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Daily review 02/12/2021

Written By: - Date published: 5:30 pm, December 2nd, 2021 - 21 comments
Categories: Daily review - Tags:

Daily review is also your post.

This provides Standardistas the opportunity to review events of the day.

The usual rules of good behaviour apply (see the Policy).

Don’t forget to be kind to each other …

21 comments on “Daily review 02/12/2021 ”

  1. SPC 1

    If there was a mistake made, Cook said it was to start allowing home-based isolation at the end of August for mild or asymptomatic patients, instead of in hospitals or dedicated facilities, just as cases were starting to rapidly climb.

    The intention was to alleviate pressure on the health system, but it instead led to the rapid spread of the virus in communities, he said.

    “For future outbreaks of similarly dangerous viruses, countries should seriously consider the wisdom of allowing infected patients to recover at home, no matter how mild their symptoms,” he said.


  2. joe90 2

    tl;dr parasitic worms are endemic in many countries, having parasitic worms interferes with your ability to fight covid or tolerate anti-covd drugs and positive results for Ivermectin might be because Ivermectin kills parasitic worms.


  3. Dennis Frank 3

    Luxon said the rest of his reshuffle would be set out on Monday, but he had decided to announce Bridges as the finance spokesman and third in caucus early because of its importance. "I want to signal that Simon is a really critical part of my team going forward".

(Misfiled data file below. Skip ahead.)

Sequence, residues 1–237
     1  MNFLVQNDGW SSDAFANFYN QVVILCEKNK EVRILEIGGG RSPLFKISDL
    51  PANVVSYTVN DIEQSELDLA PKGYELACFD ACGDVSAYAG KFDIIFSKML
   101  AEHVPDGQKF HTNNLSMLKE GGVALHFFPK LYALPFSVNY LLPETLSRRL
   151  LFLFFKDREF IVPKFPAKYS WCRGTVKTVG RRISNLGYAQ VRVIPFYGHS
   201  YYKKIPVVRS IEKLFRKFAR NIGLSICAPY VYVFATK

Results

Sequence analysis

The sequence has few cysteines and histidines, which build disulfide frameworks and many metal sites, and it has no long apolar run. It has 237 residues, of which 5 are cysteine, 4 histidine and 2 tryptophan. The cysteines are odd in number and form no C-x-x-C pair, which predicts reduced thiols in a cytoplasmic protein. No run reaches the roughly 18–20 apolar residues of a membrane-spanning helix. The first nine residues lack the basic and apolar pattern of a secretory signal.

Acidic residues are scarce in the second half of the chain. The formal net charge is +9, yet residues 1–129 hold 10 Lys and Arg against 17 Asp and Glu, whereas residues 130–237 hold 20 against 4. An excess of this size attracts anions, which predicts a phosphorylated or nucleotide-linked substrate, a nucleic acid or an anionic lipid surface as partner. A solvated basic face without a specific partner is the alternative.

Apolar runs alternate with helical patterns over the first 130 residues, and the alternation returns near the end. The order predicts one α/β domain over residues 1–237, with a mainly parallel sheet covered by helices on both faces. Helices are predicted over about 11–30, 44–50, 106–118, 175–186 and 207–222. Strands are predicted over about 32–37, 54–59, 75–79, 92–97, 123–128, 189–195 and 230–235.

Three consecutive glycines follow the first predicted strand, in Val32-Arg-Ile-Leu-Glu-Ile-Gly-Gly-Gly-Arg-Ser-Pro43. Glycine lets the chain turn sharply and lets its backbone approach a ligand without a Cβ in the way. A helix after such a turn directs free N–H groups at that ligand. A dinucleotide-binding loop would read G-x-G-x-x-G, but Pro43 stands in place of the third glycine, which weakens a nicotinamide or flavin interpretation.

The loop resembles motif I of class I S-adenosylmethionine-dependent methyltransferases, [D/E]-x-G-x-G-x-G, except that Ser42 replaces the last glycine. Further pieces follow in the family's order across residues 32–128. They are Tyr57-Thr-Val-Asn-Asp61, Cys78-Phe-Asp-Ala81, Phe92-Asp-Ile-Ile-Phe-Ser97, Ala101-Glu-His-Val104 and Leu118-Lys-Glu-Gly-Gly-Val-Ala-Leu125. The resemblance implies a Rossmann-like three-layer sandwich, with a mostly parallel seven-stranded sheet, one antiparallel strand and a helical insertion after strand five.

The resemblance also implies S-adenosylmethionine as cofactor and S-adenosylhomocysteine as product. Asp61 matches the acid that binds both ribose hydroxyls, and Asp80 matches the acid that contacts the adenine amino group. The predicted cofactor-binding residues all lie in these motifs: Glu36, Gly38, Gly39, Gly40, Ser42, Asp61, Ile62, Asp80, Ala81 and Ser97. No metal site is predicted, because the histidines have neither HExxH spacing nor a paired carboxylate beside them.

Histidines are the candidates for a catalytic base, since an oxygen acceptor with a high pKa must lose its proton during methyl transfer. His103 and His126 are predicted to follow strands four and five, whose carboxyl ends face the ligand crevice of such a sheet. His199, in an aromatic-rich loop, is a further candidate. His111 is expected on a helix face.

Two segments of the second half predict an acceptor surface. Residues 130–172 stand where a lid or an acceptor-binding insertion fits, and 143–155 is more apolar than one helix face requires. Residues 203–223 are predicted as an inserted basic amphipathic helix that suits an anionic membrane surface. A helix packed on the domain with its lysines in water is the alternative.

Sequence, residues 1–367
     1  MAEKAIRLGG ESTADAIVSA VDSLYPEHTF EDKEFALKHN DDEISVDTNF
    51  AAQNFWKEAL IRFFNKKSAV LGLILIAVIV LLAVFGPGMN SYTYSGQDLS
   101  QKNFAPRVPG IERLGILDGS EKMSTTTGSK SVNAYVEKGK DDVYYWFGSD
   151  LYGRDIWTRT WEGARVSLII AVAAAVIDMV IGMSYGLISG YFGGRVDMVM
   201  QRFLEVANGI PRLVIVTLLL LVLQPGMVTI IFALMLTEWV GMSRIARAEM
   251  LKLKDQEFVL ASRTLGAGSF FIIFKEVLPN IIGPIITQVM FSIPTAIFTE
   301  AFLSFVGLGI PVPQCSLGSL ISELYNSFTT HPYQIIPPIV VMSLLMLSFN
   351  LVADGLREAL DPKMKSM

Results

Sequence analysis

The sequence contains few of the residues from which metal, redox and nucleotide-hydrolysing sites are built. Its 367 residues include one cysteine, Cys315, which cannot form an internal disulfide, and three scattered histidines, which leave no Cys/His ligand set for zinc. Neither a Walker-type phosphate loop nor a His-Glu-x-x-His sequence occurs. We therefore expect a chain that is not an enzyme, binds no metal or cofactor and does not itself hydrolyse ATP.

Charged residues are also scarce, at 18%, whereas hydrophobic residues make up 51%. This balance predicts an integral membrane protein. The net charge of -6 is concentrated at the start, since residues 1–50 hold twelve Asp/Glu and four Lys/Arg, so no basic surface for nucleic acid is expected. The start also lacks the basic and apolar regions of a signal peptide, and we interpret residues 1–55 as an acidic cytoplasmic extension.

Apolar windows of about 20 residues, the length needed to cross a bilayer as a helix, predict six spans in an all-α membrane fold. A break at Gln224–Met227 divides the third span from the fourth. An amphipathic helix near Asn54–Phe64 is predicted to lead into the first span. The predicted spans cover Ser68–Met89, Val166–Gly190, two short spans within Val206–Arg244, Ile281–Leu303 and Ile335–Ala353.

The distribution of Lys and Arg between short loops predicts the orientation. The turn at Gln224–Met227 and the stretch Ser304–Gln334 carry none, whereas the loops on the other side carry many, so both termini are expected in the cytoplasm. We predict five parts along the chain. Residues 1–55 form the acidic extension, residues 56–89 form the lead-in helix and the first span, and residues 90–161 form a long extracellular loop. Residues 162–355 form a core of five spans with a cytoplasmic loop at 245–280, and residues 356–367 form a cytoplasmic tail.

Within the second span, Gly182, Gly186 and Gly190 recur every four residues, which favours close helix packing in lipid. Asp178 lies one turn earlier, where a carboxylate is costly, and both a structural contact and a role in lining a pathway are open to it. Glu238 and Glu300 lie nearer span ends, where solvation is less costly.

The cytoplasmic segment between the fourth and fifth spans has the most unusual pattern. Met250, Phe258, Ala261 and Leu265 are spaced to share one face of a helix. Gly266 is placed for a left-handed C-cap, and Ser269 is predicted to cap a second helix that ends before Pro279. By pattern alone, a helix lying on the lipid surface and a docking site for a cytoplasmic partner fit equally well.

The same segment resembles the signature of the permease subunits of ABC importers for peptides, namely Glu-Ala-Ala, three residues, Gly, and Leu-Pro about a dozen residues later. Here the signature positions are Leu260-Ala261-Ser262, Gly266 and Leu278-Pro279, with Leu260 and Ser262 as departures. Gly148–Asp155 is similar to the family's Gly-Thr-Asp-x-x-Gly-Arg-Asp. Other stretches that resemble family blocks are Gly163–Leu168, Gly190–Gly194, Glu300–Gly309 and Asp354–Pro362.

Luxon said he and Bridges had been "good friends" since Luxon was at Air NZ and Bridges was transport minister. "I totally trust him." He said Bridges had the skills and "intellectual heft" needed for the finance portfolio. https://www.nzherald.co.nz/nz/national-party-leader-chris-luxon-gives-simon-bridges-finance-number-3-ranking/BAE4QFVGQDHV3UVL2NB4YDHZCM/

    Given that the current finance minister has surprisingly failed to screw up despite knowing nothing about finance, could be the job is more figurehead than nous nowadays. Simon faces the intellectual challenge of having to do more than just pr for bau. Actually having original ideas about Aotearoa's future trajectory will probably be too hard for him, but perhaps he might be clever enough to call in a few competent consultants?

    • alwyn 3.1

      I'm afraid that anyone who can say, with an apparently straight face, that "the current finance minister has surprisingly failed to screw up despite knowing nothing about finance" serves mainly to show that your knowledge of finance is sadly limited.

      Are you happy with the house prices rises? Or with the level that inflation is at and that it is heading towards? Or the National debt, both recognised and, as in the case of the money that Kainga Ora has borrowed, hidden away from the Crown Accounts?